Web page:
Abu Dhabi, UAEThursday 22 October 2020

First quarter earnings will be a key test for the stock market rally

Releases from tech heavyweights, such as Alphabet, Amazon and Apple could stall the rise in equities

The New York Stock Exchange. The Dow Jones index futures contract, set to expire on June 19, is now trading at 24,000 levels, just off this month's highs of 24,323. Reuters
The New York Stock Exchange. The Dow Jones index futures contract, set to expire on June 19, is now trading at 24,000 levels, just off this month's highs of 24,323. Reuters

Risk sentiments have improved in the past few weeks with many markets, particularly equity markets, continuing to consolidate. At the time of writing, the Dow Jones index futures contract, set to expire on June 19, was trading at 24,000 levels, which is just off this month's highs of 24,323.

This represents a more than 32 per cent move higher from those 18,000 lows of a month ago. It was a similar picture for the S&P Index, which is now trading just below the 2900 handle, up more than 11 per cent on the month and 32 per cent higher than the March lows.

First quarter revenue is expected to be lower when compared to the fourth quarter of last year and keep an eye on the variance in the earnings per share, which are all expected to come in worse.

Gaurav Kashyap

With a lot of the recent upward momentum derived from central bank easing measures, this week will be a key test of the equity markets. As we enter the first quarter earnings season, watch for a few key releases from tech heavyweights such as Alphabet, Amazon, Apple and Microsoft. Also set to announce are plane maker Boeing and oil and gas company Exxon.

First quarter revenue is expected to be lower when compared to the fourth quarter of last year and keep an eye on the variance in the earnings per share, which are all expected to come in worse. While the US went into lockdown towards the end of the first quarter, the results will no doubt paint a more accurate picture of the economic situation for corporations and should stall some of the recent rises seen in the major US stock indices.

This week also sees the release of the first quarter US gross domestic product data. Quarter-on-quarter growth during the first three months of the year is expected to contract by 4 per cent compared to a year ago. The decline should come as no surprise and there are expectations for a slower contraction in the US than China. The second largest economy showed a drop of 6.8 per cent in their first-quarter growth. Note, however, that the pandemic dominated more of China's first quarter than it did for the US, so expect this data to be another hindrance in the recent US stock market rally.

The other key release for US markets this week will be the US Federal Reserve's rate decision. Perhaps the most critical Federal Open Market Committee meeting in recent memory, markets will keenly wait for Fed chairman Jerome Powell’s comments. The Fed have remained rather tight-lipped since the outbreak, and while I don’t foresee any changes in overall rates, further easing measures could be on the table.

In March, I wrote that the US Dollar Index would consolidate at about 100 and that’s what it has done in April. Further easing measures from the Fed could see some short-term weakness for the dollar, but overall I see the index holding above 100 through the weeks ahead.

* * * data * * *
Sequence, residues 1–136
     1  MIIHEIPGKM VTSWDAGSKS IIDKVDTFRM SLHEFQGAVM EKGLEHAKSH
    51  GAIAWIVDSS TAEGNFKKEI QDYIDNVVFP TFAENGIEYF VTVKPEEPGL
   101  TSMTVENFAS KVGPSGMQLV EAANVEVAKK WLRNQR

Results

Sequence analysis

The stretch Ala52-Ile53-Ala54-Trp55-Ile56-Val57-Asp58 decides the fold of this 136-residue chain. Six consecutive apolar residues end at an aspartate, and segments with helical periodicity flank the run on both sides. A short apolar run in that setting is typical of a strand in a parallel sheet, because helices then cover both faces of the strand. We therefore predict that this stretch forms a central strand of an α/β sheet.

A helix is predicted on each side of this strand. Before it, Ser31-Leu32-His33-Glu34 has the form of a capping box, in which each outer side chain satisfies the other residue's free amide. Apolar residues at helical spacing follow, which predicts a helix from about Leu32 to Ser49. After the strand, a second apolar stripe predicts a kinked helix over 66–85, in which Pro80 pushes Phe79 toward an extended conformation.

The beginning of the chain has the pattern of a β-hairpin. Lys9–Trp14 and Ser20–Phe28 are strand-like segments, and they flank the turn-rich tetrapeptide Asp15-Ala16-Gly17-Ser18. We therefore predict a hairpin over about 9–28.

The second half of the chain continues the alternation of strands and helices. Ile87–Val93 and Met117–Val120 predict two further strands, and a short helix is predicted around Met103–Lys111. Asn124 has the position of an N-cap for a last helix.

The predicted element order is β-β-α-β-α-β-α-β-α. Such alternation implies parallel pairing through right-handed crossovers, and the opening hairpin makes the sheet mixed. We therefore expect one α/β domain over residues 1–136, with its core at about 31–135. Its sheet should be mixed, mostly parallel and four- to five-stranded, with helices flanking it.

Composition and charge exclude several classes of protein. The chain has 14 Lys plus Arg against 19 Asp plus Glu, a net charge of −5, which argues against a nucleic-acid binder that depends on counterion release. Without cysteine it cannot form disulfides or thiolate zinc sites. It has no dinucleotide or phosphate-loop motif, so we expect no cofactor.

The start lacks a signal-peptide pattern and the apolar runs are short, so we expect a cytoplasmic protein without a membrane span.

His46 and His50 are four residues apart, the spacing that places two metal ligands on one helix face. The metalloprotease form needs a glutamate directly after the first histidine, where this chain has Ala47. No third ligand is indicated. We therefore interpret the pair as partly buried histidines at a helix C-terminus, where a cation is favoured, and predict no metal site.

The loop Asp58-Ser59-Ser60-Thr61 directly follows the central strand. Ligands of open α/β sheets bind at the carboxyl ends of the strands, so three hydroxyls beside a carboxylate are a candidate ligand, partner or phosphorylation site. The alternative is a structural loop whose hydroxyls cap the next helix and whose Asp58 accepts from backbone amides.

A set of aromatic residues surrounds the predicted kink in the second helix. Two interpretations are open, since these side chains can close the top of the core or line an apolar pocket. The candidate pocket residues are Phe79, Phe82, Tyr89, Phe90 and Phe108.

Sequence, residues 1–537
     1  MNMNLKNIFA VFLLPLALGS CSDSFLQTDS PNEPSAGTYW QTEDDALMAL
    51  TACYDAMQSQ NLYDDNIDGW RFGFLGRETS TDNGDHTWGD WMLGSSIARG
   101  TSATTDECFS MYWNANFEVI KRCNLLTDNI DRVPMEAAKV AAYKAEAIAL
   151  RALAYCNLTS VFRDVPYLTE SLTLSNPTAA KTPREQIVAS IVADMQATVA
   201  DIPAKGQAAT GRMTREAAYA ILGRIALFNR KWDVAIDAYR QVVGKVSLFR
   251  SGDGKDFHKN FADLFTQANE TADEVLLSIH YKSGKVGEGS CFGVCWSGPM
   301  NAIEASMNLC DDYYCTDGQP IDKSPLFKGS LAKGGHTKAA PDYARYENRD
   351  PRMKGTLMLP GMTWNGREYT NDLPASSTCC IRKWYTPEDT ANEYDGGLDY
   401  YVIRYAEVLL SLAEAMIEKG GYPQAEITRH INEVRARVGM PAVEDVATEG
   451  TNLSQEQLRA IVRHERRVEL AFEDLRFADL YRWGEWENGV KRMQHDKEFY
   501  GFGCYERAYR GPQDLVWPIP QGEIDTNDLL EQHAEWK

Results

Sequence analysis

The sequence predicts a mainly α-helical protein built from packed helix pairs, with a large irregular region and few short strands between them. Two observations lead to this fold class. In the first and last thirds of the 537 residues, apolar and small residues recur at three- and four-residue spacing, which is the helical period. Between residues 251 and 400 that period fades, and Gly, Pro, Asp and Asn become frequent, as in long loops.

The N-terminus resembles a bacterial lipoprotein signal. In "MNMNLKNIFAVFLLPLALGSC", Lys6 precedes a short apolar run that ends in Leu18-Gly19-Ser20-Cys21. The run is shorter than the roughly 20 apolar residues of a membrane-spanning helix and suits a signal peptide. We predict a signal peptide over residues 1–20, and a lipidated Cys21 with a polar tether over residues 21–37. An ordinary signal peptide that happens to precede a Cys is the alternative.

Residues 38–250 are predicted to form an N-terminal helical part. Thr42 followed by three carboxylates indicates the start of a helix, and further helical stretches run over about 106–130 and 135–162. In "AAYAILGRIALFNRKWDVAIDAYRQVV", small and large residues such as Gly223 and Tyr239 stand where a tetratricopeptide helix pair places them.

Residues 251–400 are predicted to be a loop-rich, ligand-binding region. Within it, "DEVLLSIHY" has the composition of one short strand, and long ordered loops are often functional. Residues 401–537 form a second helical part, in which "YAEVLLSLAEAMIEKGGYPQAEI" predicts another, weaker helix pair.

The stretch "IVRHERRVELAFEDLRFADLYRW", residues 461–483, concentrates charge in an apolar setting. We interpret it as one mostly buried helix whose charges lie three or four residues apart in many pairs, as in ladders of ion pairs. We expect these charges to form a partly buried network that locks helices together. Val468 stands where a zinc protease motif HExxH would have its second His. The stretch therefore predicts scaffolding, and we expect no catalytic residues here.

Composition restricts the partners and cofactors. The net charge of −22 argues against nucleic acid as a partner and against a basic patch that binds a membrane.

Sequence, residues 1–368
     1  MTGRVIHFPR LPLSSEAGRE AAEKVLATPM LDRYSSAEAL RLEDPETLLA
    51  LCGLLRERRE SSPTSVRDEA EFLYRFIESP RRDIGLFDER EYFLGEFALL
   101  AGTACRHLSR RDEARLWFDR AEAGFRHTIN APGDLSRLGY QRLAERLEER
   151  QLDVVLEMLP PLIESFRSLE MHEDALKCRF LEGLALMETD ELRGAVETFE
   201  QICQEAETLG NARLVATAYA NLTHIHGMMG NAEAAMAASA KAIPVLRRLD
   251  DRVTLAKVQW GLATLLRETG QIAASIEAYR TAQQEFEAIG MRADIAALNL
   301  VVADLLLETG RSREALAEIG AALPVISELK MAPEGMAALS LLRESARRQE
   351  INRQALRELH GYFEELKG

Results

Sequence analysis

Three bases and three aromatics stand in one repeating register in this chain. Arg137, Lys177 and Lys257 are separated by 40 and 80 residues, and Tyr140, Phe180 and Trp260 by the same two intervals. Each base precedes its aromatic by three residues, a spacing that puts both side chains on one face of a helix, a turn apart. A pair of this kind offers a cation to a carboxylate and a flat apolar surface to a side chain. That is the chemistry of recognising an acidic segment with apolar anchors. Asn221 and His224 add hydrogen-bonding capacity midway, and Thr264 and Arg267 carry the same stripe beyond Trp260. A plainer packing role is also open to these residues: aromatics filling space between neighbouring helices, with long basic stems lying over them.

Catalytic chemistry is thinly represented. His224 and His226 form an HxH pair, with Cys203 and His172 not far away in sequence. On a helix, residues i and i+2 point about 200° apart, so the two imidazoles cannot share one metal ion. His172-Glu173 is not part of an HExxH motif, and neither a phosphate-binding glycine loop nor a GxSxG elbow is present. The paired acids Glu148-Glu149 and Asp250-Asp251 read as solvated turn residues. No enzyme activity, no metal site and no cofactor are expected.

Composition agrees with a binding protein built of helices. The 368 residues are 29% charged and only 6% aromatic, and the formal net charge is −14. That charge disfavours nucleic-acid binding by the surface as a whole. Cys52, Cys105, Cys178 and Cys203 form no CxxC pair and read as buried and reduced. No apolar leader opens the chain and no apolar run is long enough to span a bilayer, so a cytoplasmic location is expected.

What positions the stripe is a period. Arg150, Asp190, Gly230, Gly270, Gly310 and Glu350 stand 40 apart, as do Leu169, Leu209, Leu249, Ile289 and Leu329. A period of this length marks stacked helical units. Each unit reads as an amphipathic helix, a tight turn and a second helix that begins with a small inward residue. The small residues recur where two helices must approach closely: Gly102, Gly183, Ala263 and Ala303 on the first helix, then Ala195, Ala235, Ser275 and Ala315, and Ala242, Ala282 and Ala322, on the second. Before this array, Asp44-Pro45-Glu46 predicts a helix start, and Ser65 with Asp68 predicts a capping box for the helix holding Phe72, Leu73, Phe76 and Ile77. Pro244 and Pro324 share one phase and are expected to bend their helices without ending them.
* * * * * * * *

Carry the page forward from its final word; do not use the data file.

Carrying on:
The European Central Bank is also announcing rates this week. ECB president Christine Lagarde has already said the eurozone economy could contract by as much as 15 per cent, so expect a bearish press conference on Thursday with more easing measures unveiled. April has not been favourable for euro long positions; the Dubai Gold and Commodities Exchange (DGCX) EUR/USD contract was trading at more than 2 per cent lower on the month. I continue to favour short positions in the euro and expect a move towards as low as $1.0632 before the end of the second quarter.

With the recent risk rally, gold has come off its seven-and-a-half year high, however, gold still remains the safest play along with the US dollar. On March 31, I gave a buy call in the precious metal with a target of $1,703 which was easily filled by April 13. I continue to like long positions in the commodity, and expect another run towards the channel between $1,735 and $1,750 in the next two weeks. Long-term support kicks in between $1,580 and $1,600 levels.

And finally, all eyes will move back to WTI, with the June contract set to expire on May 19. Last week, the May contract famously traded in negative territory – printing as low as minus $37 a barrel – because traders sold off the contract to avoid delivery as a result of storage strains.

With Cushing, Oklahama, the delivery point of the CME’s WTI contract already filled to 70 per cent of capacity, the storage strain will continue to rile crude-long positions leading up to delivery. The largest US crude exchange traded fund, the United States Oil Fund, dumped its June positions this week which has seen the June crude contract move towards $10 a barrel at the time of writing, down more than 64 per cent on the month. Expect further downsides as we move towards the middle of May, with a test of $5 a barrel very much on the cards.

Gaurav Kashyap is a market strategist at Equiti Global Markets. The views and opinions expressed in this article are those of the author and do not reflect the views of Equiti

Updated: April 28, 2020 04:12 PM

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